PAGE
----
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Wednesday, May 17, 2017

Why I Got a Cordless Electric Lawn Mower

Oh Snap!


I Replaced My Broken Gas Mower With A Cordless Electric Mower!
I Replaced My Broken Gas Mower With A Cordless Electric Mower!

My wife sent me out to use the push mower to mow a small part of our yard that is on the side of the hill and is a bit tricky to mow with the riding mower.  This should have been a pretty easy assignment, but when I pulled the cord to start the mower.... SNAP!  I knew this was bad news, because the starter cord broke last year too.  I ended up buying a new starter coil mechanism for about $40 dollars and installed it.  Since the mower is about 10 years old, it was a tough decision to put $40 into it, but I figured this was cheaper than replacing it.

When the mower broke again, I had the opportunity to revisit this decision.  I decided not to put any more money into this mower.  It still works fine (except for the starter cord), but it was showing its age.  The wheels are worn down.  The plastic deflector for grass coming out has been broken for years and has been re-attached using some wire.  The blade is dull and should be sharpened or replaced..

So I loaded up the old mower and took it to the landfill for a disposal fee of $12.50.  That part was pretty easy.  Now for the hard part- getting another mower.

Why I Got An Electric Lawn Mower

When I had a small yard, I considered getting a plug-in electric mower.  With a small yard, it wouldn't be too hard to plug in an extension cord and reach the entire yard.  I like the idea on an electric mower because that means no gas, no oil, no spark plugs, and most importantly... NO STARTER CORD!

But my yard now is large and ranges from prairie to forested areas beyond the reach of an extension cord.  I mow almost all of it with a nice riding mower equipped with snow chains to help with traction in hilly areas.  The push mower is needed only for trimming and mowing some tight spots that I can't reach with the riding mower.

I decided to get a cordless electric push mower to replace the old gas mower.



There are some full-sized 22 inch cordless electric mowers, but these run around $500.  I found a slightly smaller 16" model from Black and Decker for about $250.  Actually, the small size is handy for reaching the tighter spaces I want to mow with a push mower anyway.

The first problem I had with the Black and Decker is the bag.  This mower is designed to collect grass clippings in a bag.  This is handy sometimes, but emptying the bag is tedious.  I used a wire clothes hanger to hold the rear door open a few inches.  I turned this mower into a rear-discharge mower, and it works pretty well.  I plan to use the bag sometimes, but most of the time I will use it in rear-discharge mode.

Here is a picture of how I used a wire clothes hanger to make the Black and Decker discharge out the back when I don't want to use the collection bag:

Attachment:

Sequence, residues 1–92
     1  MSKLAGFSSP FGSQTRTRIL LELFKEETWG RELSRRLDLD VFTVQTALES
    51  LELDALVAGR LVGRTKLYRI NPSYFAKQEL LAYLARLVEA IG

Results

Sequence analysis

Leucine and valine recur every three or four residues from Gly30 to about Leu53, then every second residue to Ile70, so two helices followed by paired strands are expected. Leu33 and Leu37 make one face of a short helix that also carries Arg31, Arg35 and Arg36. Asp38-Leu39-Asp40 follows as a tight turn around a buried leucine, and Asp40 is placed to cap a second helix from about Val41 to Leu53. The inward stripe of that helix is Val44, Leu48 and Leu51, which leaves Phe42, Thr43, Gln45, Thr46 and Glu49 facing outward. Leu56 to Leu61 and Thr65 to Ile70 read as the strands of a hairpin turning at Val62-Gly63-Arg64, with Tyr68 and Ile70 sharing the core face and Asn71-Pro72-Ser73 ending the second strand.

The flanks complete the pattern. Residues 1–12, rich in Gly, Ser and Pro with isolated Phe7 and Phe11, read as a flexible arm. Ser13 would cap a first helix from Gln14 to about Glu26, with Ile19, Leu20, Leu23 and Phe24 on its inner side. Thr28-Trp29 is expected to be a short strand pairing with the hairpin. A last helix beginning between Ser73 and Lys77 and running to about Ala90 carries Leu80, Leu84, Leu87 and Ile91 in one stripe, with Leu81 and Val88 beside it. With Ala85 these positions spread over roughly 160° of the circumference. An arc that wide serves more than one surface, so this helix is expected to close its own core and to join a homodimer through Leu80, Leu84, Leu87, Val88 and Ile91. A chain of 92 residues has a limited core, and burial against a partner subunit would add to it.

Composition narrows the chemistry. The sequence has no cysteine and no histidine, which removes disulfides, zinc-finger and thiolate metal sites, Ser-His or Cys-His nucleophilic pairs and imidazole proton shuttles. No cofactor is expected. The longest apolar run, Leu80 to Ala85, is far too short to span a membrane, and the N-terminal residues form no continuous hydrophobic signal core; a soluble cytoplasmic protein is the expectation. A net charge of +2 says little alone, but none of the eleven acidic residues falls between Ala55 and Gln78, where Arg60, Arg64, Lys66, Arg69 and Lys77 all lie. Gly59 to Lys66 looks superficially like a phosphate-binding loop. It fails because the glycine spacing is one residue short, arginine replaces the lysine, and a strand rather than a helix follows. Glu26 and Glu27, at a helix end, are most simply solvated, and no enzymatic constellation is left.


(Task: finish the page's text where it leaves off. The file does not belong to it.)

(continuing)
Make the Black and Decker a rear-discharge instead of bagging
How to Avoid Using the Collection Bag


A pleasant surprise about the cordless electric mower is how quiet it is.  I can mow comfortably without ear plugs or hearing protection.  It is quieter than a vacuum cleaner, and there are no fumes.  Plus, it is so light that it is easy to move around the yard with it.

I will say, however, that if you are expecting a cordless electric mower to be just like a gas mower then you are likely to be disappointed.  This mower is ideal for light mowing:  fairly short grass, fairly even terrain.  You won't be hacking through thick, overgrown weeds with a cordless electric mower.  That's OK, because that isn't how I use my push mower.

Another potential downside- it looks like a toy.  Black and Decker tried to style it up nice and sporty.  It was a nice try, but the small plastic push mower does look like a child's toy.  This doesn't bother me, but it may bother some people.

This mower comes with two 40V battery packs with 2 amp-hour capacity.  I like that there are 2 batteries included so you can always have a fully charged backup battery ready to go.  These high capacity batteries also work with other Black and Decker tools.  If the mower keeps working well, I will think about getting a cordless electric trimmer too.

Since the cordless mower already came with 2 batteries, I could buy the "bare tool" cordless hedge trimmer for around $50.  You can also get a cordless string trimmer and even a battery-powered snow blower and a battery-powered chain saw that use the same batteries and charger.




Overall, I think an electric mower will last a long time due to fewer mechanical parts to wear out, and it should require no maintenance other than sharpening the blade.  In the long run, I think I will come out ahead by upgrading to a cordless electric mower.


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